It’s not surprising that most efforts surrounding workplace diversity come in the beginning of the year when Americans celebrate Black History Month in February and Women’s History Month in March, which also coincides with International Women’s Day on March 8. While both celebrate the achievements and historical contributions made by African Americans and women, as employers, our conversations shouldn’t be starting—or ending—there. In fact, “conversations” around workplace diversity and inclusion aren’t enough, they need to be backed up with action. With the recent #MeToo and #TimesUp movements aimed at sexual harassment in the workplace, and employers facing more and more discrimination lawsuits, it is time that employers face the fact that we need diversity and inclusion in our workplace in order to succeed. To clarify, workplace diversity means representing a wide range of backgrounds and perspectives, while inclusion means including and integrating all types of individuals into your organization. It’s important to understand both of these because while one can happen without the other, neither are successful alone. To put it simply, Vernā Myers, acclaimed author, speaker and diversity and inclusion consultant said it perfectly when she said, “Diversity is being invited to the party. Inclusion is being asked to dance.”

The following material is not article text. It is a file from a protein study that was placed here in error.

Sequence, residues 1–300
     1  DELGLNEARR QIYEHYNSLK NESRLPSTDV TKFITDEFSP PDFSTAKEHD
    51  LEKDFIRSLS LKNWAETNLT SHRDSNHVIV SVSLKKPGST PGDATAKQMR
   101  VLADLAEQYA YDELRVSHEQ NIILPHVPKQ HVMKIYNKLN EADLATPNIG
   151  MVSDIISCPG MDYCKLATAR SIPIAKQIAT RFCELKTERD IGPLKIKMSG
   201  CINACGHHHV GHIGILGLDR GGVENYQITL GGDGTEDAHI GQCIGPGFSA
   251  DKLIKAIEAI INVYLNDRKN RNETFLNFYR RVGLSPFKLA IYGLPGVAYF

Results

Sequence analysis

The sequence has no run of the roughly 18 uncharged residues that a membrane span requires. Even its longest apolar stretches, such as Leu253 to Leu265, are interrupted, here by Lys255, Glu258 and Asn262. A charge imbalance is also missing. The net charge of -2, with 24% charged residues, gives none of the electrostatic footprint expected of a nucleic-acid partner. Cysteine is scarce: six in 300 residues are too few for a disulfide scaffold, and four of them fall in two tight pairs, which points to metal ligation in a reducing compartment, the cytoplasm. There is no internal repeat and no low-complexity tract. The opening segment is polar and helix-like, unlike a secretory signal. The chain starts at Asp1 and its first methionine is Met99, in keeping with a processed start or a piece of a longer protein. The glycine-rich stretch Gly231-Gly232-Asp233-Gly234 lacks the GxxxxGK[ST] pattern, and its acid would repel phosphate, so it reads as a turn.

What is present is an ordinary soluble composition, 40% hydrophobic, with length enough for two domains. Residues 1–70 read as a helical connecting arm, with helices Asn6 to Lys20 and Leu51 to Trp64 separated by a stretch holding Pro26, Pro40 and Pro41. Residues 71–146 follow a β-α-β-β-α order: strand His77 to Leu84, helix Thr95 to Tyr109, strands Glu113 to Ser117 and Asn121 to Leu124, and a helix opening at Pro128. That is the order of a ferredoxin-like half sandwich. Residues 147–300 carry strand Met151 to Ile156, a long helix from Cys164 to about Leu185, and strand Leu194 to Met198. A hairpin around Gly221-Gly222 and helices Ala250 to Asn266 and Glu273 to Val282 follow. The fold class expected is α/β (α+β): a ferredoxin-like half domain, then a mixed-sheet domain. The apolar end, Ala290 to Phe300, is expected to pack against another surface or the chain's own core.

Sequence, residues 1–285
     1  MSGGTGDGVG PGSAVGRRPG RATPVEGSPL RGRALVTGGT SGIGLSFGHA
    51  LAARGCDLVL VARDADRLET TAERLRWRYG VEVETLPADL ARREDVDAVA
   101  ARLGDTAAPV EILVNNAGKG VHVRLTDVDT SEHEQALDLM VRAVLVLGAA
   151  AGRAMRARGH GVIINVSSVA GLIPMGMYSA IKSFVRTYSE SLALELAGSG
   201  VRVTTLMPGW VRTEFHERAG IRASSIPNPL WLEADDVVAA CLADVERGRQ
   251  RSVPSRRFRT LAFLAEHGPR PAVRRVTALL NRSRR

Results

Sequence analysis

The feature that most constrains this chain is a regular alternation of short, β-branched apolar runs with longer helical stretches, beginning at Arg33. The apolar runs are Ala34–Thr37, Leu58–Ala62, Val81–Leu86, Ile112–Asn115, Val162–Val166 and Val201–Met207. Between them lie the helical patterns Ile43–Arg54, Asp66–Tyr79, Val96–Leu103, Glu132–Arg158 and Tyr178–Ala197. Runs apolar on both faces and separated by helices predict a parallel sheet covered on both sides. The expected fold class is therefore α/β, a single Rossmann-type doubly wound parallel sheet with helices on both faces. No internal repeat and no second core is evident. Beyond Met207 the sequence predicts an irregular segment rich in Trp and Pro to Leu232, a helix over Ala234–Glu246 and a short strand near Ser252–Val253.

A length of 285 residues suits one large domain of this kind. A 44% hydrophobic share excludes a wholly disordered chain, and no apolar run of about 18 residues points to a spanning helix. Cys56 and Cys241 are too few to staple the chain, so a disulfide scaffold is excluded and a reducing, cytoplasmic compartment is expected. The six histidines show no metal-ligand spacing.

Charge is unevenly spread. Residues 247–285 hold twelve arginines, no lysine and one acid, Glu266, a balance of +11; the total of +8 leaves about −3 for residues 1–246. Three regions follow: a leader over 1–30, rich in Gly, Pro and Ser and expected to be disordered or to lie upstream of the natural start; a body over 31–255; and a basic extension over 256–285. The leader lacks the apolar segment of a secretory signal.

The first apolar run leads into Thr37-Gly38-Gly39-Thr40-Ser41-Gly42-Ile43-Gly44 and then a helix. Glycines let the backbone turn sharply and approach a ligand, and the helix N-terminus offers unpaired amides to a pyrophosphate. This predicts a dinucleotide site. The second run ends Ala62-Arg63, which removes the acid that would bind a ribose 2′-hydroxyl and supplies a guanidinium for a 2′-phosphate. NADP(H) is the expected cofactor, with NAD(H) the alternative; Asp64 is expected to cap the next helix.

Andrew Glincher, CEO and managing partner of Nixon Peabody, said “Diversity is the future; embrace it or you’re obsolete.” Yet it’s been just 15 months since Glincher spoke with Bonnie Marcus for her Forbes article and it seems that for most law firms, nothing really has changed.  Marcus’s article, written in October 2016, still included this disappointing law firm diversity statistic: “Over 75 percent of firm partners are still white male, with women at less than 20 percent and minorities just slightly over 5 percent.” According to the National Association for Law Placement (NALP) 2017 Report on Diversity in U.S. Law Firms, published in December 2017, while both women and African-American partners in law firms increased slightly in 2016 and 2017, their representative numbers are still lower than they were in 2009. The report also showed that lawyers with disabilities (regardless of race or gender) have, and continue to be, scarcely represented, while LGBT lawyers have showed a slight increase over the last few years.